A street art mural depicting a tug-of-war between a Russian and Ukrainian soldier.

A street art mural depicting a tug-of-war between a Russian and Ukrainian soldier is seen on a war memorial on September 28, 2023, in Izyum, Ukraine.

(Photo: Chris McGrath/Getty Images)

Ukraine Needs a Cease-Fire, Not Biden’s $50 Billion Escalation

There is a growing gap between the goals of Washington D.C.’s war lobby and the realities on the ground in Ukraine.

It’s clear that Ukraine needs more support. What isn’t clear is why the latest White House spending package includes $50 billion in additional military funding, which is more than Ukraine has received from the United States since the war began in early 2022. This could a very dangerous escalation of the risk of nuclear war, at a time when the Bulletin of the Atomic Scientists’ Doomsday Clock already stands closer to “midnight” than ever.

There’s a better way. The United States can take an active role in organizing a cease-fire, to be followed by negotiations toward a permanent settlement.

Unfortunately, so far President Joe Biden has made little effort to end the slaughter. In fact, there is serious evidence that Great Britain and the U.S. played a decisive role in blocking a 2022 peace deal between Ukraine and Russia. We also know now that the administration was aware the counteroffensive had little chance of success but kept it a secret from the American people. (They were reportedly “furious” when the deception was exposed.)

There is a growing gap between the goals of Washington D.C.’s war lobby and the realities on the ground in Ukraine. Some national security insiders have openly endorsed the idea of using the Ukrainian people as cannon fodder for a dangerous proxy war against Russia. There have even been fantasies about overthrowing Russian President Vladimir Putin and plunging Russia into chaos, which would not bring around the America-friendly regime of neoconservative dreamers. Instead, it’s likely that Putin would be succeeded by the same generals who have been prosecuting his war.

A Lethal Quagmire

These are dangerous delusions. In reality, the war is a lethal quagmire. President Volodymyr Zelenskyy has not released casualty figures, but most impartial estimates suggest a high toll. Meanwhile, Zelenskyy insists that Russia can be beaten. “Nobody believes in our victory like I do,” he recently told Time magazine. “Nobody.”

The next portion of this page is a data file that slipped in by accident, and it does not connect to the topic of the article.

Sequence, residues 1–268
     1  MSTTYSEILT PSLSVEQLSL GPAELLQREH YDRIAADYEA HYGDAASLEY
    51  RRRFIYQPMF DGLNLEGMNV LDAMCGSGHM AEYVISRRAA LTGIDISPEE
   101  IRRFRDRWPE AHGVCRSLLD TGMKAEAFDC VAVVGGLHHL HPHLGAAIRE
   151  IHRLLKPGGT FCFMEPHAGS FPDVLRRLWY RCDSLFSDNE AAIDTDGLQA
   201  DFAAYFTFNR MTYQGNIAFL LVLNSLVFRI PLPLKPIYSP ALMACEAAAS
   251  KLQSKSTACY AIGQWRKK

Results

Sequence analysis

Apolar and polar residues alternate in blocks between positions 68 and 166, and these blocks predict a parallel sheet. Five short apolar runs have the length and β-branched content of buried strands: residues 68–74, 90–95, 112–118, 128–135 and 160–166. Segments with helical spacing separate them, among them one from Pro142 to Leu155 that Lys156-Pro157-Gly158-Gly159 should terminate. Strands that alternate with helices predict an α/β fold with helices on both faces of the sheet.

Well, his generals apparently don’t. The New York Times reported “an emerging rift between the military and civilian leadership” in Ukraine after its commander-in-chief, General Valery Zaluzhny, called the war a “stalemate” and said, “There will most likely be no deep and beautiful breakthrough.”

And now, winter has arrived. At the start of last winter, Chairman of the Joint Chiefs Gen. Mark Milley called it “a window of opportunity for negotiation” and added that “there has to be a mutual recognition that military victory is probably... is maybe not achievable.” The situation has only grown worse since then.

There’s no promise it would end then, either.

The U.S. has already spent 10 times as much on Ukraine as we spend on the Centers for Disease Control, after a pandemic that killed more than one million Americans.

The State Department reports that the United States has given Ukraine $44.2 billion in military aid since Russia invaded at the end of February 2022. At the current pace of spending, the additional military aid requested by the White House would keep the Ukraine war going until sometime in mid-2026—that is, unless there is a plan to intensify the attacks, which would increase the risk of a nuclear conflict.

Barring an increase in the rate of spending, the administration’s request suggests that it believes we are less than halfway through the war. This timeline illustrates that: